So, you are watching a YouTube video, and it’s just brilliant. Everyone in the house should see something – but rather than just all gather around your iPad, is there a better way? The answer is, of course, yes, but only for some. If your TV is enabled for Airplay2 (meaning it’s probably not much more than a year old), you can stream from your Apple device straight to the TV. If it is older than that, you may need an Apple TV – but that’s for another blog. Older versions of AirPlay may be supported on some devices, but you need AirPlay2 for the whole experience.
And just like that, human-centric lighting went mainstream. If that means nothing to you, let me catch you up. Human-centric lighting is artificial light modified to behave more like natural light. Because our bodies have adapted to operate under natural light, this technology is expected to improve sleep quality, mood and productivity, while also reducing risk of heart attack, lowering blood pressure and more. Companies like Ketra and USAI have been on the forefront of creating the technologies allowing light to automatically track the color of the sun throughout the day.
It’s frustrating for sure. You’ve taken all the steps to get the fastest connection possible; you purchased the 1GB plan from your service provider, got the latest Wi-Fi system installed, and have the latest phone model in your hands. You gleefully open your speed test app only to see 450Mbps instead of the 1GB you’ve been striving for. It may seem like a travesty to only get half of what was advertised, but the fact is you will never see 1GB speed on your phone (for now), and the difference between a 450Mbps and 1GB to a single device is absolutely nothing in the real world.
When we discuss the lockdown, one of the things we all end talking about is what watched on TV? Depending on when you spoke, it went from Tiger King to Hollywood to Filthy Money (with a little Unorthodox thrown in for those who can take subtitles). The interesting thing about those conversations is this: While we all were amazed by the image quality of our TV, many said they couldn't always hear the dialog.
When Cole Porter wrote “It’s Too Darn Hot” for Kiss Me Kate, he wasn’t thinking about the long Texas evenings for those with westerly facing rooms. Even those of us with windows that do not face south can feel the effects of the summer sun on our rooms and air-conditioning bills. Rather than just crank the A/C another few degrees, let’s consider how a well-automated home can combine multiple approaches to cooling down and keeping the air flowing.
A dedicated cinema may seem like an inefficient use of space to some and they would rather make it into a multi-purpose media room; but to others it’s the crown jewel of their home. A place suited to make events that create lasting memories, from a genuine movie night in with the family, to watching the big game on a big screen with the best of friends. It’s a place that truly changes the experience, a place that allows you to suspend reality for those two hours and immerse yourself in the film the way the director intended. However, without proper planning, design, and execution, a cinema room could be disastrous to a home, disrupting the audio throughout the structure. Today we’ll go over general points and tips in creating a great cinema room. There is a lot that goes into a great cinema, so this article will be split into two parts.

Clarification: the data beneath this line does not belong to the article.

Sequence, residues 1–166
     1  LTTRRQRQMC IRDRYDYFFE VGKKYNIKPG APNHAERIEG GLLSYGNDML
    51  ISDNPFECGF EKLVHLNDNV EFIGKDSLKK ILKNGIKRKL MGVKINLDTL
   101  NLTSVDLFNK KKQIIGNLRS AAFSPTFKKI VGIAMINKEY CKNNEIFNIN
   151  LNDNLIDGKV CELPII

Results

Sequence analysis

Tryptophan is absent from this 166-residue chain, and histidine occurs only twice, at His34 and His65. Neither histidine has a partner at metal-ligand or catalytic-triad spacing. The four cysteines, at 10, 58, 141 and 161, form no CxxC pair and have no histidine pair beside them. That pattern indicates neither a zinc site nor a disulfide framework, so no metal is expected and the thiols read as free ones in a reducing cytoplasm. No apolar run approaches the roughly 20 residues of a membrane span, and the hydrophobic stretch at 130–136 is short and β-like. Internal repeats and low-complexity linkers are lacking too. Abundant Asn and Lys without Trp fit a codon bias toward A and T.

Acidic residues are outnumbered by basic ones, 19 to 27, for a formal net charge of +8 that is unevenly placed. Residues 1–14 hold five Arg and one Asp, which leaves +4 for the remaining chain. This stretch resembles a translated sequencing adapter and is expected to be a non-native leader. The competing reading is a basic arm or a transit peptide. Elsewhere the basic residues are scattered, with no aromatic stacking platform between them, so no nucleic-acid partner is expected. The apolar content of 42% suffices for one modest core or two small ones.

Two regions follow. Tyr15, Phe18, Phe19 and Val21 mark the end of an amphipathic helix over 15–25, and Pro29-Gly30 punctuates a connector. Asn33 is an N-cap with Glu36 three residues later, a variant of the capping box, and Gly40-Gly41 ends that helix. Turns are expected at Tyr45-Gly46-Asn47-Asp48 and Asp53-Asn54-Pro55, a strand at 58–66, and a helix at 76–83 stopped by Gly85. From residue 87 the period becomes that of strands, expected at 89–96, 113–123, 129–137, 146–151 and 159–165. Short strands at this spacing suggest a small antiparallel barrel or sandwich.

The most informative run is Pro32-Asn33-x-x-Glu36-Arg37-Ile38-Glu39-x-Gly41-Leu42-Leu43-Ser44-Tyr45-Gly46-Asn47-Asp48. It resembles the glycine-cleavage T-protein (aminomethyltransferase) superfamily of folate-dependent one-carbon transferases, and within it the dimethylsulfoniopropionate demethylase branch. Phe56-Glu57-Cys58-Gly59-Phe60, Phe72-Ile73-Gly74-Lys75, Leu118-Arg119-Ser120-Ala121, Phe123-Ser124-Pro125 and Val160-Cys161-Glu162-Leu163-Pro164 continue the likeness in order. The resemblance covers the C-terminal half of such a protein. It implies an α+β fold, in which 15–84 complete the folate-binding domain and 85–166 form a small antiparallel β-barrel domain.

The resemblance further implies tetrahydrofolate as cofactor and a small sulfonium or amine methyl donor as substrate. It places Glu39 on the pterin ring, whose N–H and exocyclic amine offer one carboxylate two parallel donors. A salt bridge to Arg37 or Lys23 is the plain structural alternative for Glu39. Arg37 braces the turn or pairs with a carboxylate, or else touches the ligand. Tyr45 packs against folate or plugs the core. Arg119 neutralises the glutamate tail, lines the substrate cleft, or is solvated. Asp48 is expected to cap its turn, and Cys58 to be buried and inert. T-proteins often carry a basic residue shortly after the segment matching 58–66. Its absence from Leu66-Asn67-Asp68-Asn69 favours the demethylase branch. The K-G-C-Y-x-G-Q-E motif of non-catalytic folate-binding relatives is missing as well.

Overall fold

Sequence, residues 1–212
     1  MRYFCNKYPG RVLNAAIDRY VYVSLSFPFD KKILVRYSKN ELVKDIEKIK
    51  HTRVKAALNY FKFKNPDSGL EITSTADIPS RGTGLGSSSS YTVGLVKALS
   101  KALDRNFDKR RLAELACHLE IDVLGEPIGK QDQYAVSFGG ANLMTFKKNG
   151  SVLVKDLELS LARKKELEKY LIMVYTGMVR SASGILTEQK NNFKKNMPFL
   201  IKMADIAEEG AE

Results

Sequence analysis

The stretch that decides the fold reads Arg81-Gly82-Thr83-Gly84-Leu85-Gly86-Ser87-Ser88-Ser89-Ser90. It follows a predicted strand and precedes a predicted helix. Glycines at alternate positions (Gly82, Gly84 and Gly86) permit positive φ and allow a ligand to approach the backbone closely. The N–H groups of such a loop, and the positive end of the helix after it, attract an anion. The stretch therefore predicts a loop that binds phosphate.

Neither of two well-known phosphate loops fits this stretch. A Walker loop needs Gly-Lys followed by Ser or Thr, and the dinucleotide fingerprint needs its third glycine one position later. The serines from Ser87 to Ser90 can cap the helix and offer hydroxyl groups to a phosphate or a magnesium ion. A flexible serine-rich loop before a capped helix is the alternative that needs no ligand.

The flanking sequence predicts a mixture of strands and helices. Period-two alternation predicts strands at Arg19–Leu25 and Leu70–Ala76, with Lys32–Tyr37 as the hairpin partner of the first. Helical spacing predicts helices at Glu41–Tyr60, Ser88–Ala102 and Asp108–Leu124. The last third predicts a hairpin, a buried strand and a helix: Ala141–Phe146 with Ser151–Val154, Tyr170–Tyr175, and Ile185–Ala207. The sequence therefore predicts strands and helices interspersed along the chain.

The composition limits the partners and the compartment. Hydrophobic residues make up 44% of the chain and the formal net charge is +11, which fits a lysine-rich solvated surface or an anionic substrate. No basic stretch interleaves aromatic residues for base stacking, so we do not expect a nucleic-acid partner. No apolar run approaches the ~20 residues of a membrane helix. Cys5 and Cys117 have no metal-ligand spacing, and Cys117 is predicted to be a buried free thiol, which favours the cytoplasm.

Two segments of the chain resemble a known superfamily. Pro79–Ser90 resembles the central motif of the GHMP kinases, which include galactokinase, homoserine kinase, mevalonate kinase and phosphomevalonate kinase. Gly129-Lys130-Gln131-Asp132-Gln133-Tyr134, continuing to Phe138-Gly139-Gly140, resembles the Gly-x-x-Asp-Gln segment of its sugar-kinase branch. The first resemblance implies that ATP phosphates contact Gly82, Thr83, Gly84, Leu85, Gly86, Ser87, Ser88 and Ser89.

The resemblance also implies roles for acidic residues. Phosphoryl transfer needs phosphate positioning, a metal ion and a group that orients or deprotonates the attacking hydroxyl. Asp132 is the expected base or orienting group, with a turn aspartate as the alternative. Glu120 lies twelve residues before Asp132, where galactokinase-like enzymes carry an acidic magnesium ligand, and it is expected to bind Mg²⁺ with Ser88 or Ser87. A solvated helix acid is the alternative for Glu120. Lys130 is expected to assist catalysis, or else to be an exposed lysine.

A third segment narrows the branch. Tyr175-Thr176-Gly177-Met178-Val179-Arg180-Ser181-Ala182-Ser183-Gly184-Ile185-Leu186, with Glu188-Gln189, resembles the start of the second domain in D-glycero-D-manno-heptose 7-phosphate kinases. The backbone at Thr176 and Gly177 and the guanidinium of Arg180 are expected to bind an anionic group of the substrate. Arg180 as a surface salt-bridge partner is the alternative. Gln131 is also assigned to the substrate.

In the third and final installment of our blog series covering the effects of lighting on our health and quality of life we will be covering the changing world of lighting technology. For better or worse, most new homes now feature LED lighting. The efficiency of LED fixtures is well documented, but many have never been happy with details such as color, quality, and dimming performance. Modern LED fixtures now have the ability to more closely match traditional incandescent lighting in all of those categories, along with one really special trick.
Balance of sound and silence can impact health and influence emotions. Prolonged excessive exposure to a deficient sound environment causes a range of problems, including stress, poor concentration, productivity loss, communication difficulties, and fatigue. When designing a home, consideration needs to be given to whether you are trying to stop sound getting into a room to keep it quiet, like a bedroom, or trying to stop sound getting out of a room, like a home theater.
Even before COVID-19, Safewise reported that 58 percent of people living in the United States report feeling worried about their safety every single day. States where this concern ranked markedly higher than the rest of the country include Alabama, Florida, Hawaii, Louisiana, Massachusetts, Nevada, New York, and Tennessee. The top health and wellness concerns in the home include falling and carbon monoxide poisoning, and one-third of Americans have experienced an environmental safety issue before, with poor air quality/air pollution and water quality being top concerns. As we build and renovate our homes, more and more, we start to consider what we can do to make them a safe place for our family to live in and for our friends to visit. In this blog, we are to look at five ways you can bring peace of mind and some safety to your home.
Professionals will tell you that clutter can sap confidence, reduce creativity, impact your sleep, and increase tension. Yet in a modern home or office, all our devices, cables, tools, and technology increase clutter, which ruins your design and messes with your health. When you design for a healthy home, you look to hide some of this, or at least make it invisible. From speakers in the wall to hidden TVs that look like art, there are many things you can do to cut the visual noise and streamline your home’s appearance.